There are a lot of franchises (not just video game ones) that don’t need sequels or prequels. The original works stand on their own and don’t benefit from any additional story added before or after. In fact, there are many sequels or prequels that detract from the originals.
That’s the danger that Deck Nine faces with their assignment to develop a Life is Strange prequel. The original Life is Strange was one of the best modern episodic / adventure games that created characters and a narrative with a depth and emotional resonance that the current crop of adventure games haven’t been able to match. Any follow-up has lofty expectations. Delving into the past of the first game’s most memorable character puts on added pressure.
Life is Strange started as a simple episodic digital release but today gets the full retail treatment. The Life is Strange: Limited Edition hits shelves today with an art book, developers’ commentary and a licensed soundtrack. While I’d love to get my hands on that, I’ve already played the game and named it et geekera’s Game of the Year for 2015. However, I only reviewed the individual episodes. This review is for the first “season” of Life is Strange.
It’s so seldom that I play a game that really moves me. Sure, there are plenty of games that I play that I think are really good or have their poignant moments but I can’t remember the last time I played a game that stuck with me quite the way that Life is Strange has. I came into it expecting to be underwhelmed but Dontnod exceeded all of my expectations and made the best episodic point-and-click adventure game on the market.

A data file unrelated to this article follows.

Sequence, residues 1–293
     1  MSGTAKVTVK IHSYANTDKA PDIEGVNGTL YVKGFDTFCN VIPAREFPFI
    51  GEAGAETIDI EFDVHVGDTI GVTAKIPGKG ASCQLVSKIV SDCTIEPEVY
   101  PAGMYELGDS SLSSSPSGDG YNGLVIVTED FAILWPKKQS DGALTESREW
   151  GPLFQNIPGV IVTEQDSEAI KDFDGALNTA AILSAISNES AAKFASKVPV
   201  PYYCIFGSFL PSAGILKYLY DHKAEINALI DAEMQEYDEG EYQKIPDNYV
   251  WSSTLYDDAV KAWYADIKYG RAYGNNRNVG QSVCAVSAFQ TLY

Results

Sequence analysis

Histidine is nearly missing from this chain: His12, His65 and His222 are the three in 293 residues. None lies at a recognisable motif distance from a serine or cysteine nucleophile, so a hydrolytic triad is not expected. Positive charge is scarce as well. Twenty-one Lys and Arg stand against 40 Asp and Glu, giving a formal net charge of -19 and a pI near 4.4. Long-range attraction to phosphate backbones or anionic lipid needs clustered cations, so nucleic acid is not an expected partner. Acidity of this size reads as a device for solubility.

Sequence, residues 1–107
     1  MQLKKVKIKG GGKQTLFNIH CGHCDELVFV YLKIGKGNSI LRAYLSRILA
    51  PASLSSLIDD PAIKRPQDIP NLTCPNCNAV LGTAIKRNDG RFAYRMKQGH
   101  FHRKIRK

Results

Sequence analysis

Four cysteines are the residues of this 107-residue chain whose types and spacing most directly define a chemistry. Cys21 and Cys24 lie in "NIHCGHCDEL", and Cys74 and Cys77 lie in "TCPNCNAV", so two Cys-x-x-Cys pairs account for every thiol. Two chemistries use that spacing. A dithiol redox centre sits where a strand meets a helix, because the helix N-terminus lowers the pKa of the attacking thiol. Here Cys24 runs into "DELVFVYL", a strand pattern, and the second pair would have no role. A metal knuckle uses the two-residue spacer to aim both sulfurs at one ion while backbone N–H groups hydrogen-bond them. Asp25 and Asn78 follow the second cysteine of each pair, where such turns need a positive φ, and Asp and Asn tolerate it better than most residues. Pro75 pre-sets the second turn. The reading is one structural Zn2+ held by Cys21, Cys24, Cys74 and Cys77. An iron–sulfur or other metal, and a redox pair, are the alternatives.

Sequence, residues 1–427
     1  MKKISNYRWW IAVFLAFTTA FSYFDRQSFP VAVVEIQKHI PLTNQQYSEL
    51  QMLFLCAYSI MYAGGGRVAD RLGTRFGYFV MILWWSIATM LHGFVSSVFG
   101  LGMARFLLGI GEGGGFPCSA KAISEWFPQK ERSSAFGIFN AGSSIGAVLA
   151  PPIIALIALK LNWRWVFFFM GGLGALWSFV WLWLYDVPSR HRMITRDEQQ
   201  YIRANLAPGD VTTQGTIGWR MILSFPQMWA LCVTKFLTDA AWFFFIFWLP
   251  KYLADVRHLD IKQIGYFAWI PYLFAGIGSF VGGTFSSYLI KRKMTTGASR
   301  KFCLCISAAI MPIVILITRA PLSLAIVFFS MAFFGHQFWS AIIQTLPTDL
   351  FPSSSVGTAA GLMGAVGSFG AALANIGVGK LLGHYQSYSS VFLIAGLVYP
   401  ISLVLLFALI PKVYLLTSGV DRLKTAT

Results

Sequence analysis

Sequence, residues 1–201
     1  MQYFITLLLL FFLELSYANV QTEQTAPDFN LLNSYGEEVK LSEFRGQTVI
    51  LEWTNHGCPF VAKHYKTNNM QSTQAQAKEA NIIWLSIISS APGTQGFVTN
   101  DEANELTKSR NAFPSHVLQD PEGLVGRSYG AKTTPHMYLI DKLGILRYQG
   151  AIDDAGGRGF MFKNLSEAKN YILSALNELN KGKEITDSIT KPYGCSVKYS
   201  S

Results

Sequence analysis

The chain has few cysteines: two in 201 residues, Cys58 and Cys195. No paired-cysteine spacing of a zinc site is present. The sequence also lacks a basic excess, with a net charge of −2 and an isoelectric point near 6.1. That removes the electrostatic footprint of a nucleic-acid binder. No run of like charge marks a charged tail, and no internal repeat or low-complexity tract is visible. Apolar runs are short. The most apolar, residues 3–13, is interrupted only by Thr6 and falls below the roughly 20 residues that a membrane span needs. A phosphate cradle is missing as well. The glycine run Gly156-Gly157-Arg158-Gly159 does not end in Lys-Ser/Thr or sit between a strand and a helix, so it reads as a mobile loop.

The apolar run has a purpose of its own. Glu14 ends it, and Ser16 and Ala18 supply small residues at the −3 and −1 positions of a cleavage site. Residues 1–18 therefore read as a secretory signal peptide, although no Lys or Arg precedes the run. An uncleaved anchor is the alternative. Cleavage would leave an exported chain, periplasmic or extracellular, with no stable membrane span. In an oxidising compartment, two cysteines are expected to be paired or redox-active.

Next week marks the release of the final episodes of both Tales from the Borderlands and Life is Strange. As someone who is reviewing both games, that leaves me a choice of which game I should play first when both finales come out on October 20th. After playing Episode 4: Dark Room, Life is Strange proved that it is the best in class in the episodic adventure game genre.
Newton’s third law states that for every action, there is an equal and opposite reaction. Put simply, for every action take, there is an opposing force pushing the opposite way with equal strength. While that’s a law of physics, Newton may as well have been a philosopher with that one. I’m not sure that there’s a law of physics more appropriately applied to life.
The whole point of Life is Strange is actions and their equal and opposite reactions. You could make the argument that all games that are designed to change themselves to fit your decisions should act like that. If there’s one thing that Dontnod has gotten right through three episodes of Life is Strange, it’s that your decisions cause real and obvious reactions in Arcadia Bay. It certainly extends beyond just little changes in dialogue too.
Chiaroscuro is an art term for the use of strong contrasts between light and dark in a composition. It’s the concept that forms the basis of most strong black-and-white photographs. No, Life is Strange – Episode Two: Out of Time isn’t presented in black and white in a literal sense. It contrasts light and dark themes to pull off emotionally impactful moments in just two episodes what it takes Telltale five episodes or BioWare dozens of hours to achieve.
With the final episode of Life is Strange, Square Enix and Dontnod’s surprise hit episodic adventure game, coming out on October 20th, I think that’s as good an excuse as any to play through it and get it all reviewed between now and the release of that last episode. Critics adore this game and review scores are getting better with every episode. My interest comes in that I find that my reviews often contradict the critics in that where critics see improvement, I see it differently. Will I see a game floated as a game of the year contender differently that the rest?